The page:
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Tomorrow Today

Studioguest

Prof. Volker Quaschning, HTW University of Applied Sciences Berlin

Watch video 03:58

DW: It sounds really great - fast-growing trees which can be used for sustainable energy. Is that the key solution for our energy problems of the future?

Volker Quaschning: Germany wants to go to 100 percent renewables and for that way the biomass production is very important. We see 10-15 percent or even 20 that we can cover here with biomass, and for that we have to look at what type of biomass we are using for that. We can use, for example, corn and produce biofuels for car driving. That is a big discussion because for that we need a lot of fertilizers.

And of course we're in a certain competition with a food plant, which has driven the prices. for example, in Mexico we've had that quite extreme, so no problems with trees anymore. Is that right?

Yes, that is the most interesting point, so from the ethical point of view, these plants are very good so we have no competition here for food production and it is a very sustainable way of growing plants here in the sector.

And what kind of potential do you see in Germany. We have lots of forest here already.

Yes, we have forest, but if we are using all biomass we can collect here during the year, we see we can cover around 15 percent with biomass from the total energy demand. And these plants here, they can only cover a part of the biomass sector. So we see mainly 1, 2, or 3 percent they can cover from the total energy demand - but it is an important part, that we can use.

As you just said there is a big problem with the fertilizers with usual biomass plants like corn or rapeseed, for example, which has ruined the eco-balance. Is there a chance to actually improve that, or should we just forget about corn and rapeseed and just grow fast-growing trees?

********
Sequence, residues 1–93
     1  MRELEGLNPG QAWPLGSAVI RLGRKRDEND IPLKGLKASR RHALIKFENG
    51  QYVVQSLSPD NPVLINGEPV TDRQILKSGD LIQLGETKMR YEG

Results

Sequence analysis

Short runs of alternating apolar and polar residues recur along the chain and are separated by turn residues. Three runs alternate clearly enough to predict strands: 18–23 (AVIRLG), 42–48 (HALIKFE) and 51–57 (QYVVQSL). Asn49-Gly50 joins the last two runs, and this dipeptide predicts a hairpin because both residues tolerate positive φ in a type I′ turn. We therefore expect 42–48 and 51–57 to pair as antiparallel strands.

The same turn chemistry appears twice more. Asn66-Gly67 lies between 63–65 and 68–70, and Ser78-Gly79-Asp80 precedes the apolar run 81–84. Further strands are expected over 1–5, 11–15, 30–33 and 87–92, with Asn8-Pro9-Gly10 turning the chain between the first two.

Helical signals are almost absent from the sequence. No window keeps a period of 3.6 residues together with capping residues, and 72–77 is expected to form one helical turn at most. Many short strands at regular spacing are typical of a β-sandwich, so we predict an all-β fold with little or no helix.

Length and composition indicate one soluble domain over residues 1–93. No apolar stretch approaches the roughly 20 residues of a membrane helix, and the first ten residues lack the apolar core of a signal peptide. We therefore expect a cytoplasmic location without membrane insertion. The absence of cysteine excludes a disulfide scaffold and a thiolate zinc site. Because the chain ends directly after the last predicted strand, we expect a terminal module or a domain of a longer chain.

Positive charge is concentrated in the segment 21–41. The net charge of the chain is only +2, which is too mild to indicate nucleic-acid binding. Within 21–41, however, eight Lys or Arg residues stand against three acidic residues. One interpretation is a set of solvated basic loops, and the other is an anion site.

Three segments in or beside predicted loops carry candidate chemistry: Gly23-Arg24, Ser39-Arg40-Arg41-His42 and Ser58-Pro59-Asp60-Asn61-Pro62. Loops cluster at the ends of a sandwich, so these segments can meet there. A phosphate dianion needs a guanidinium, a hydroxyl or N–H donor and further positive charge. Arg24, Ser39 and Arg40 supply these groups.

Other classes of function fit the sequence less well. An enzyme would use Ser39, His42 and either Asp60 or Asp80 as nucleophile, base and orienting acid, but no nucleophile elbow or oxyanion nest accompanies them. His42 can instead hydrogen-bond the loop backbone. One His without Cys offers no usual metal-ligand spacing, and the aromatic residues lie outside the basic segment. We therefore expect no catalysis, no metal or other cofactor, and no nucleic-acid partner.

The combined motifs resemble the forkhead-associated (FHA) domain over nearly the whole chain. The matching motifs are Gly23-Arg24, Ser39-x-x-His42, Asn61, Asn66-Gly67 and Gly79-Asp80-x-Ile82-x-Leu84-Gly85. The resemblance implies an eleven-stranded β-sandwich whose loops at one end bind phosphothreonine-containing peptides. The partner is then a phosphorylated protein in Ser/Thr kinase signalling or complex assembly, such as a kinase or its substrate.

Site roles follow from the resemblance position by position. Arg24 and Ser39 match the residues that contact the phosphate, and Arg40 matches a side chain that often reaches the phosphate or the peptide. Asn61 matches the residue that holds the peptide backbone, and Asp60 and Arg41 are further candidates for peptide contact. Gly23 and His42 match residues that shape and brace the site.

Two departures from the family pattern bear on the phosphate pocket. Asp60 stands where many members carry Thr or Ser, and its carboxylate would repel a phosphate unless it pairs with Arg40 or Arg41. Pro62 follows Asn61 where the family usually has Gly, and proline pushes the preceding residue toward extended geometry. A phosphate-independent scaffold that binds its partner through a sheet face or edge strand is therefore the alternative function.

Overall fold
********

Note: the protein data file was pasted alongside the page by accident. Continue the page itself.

From my point of view we should do both with the plants. We can use the plants for food production - the corn itself - and we can use the residues of the plants here and produce energy from the residues. This is a good idea to do that, so we need the plants for food production, the residues for energy production, and then we can do it in a sustainable way.

But the technology for just using the residues is not really working well so far.

It is expensive. The technology works, we know what to do but it cannot compete here at the moment with fuel oil, with the conventional crude oil. That we have to solve, but if we have a solution for that, it is a good way we can go.

What about the energy you can actually harvest from trees or from biomass?

We can collect efficiency. About 1/2 percent of the incoming solar energy is collected here and converted to biomass energy, and if you compare it to photovoltaics, for example, modern solar cells reach about 20 percent efficiency. So the efficiency of the plants is much lower than the efficiency of, for example, solar cells.

That is very low actually. Can we still save the climate with these trees or with biomass?

I think we need it because the storage is already included in the plants. And this is the advantage compared to photovoltaics. So if you have solar electricity, we have to use it at the same time when the sun is shining or we need a storage. Biomass we can harvest here - it grows during summertime and we can use the biomass energy during winter, and this is a big advantage we have here in the biomass sector.

So biomass could come up to about 15 to 20 percent of our energy needs. What about the rest? Where does it come from?

The efficiency of solar energy or solar cells is much higher so we see the highest potential in Germany for wind and solar energy. If we combine all technologies, your solar energy, wind energy and biomass we can come to 100 percent renewables.

Interview: Ingolf Baur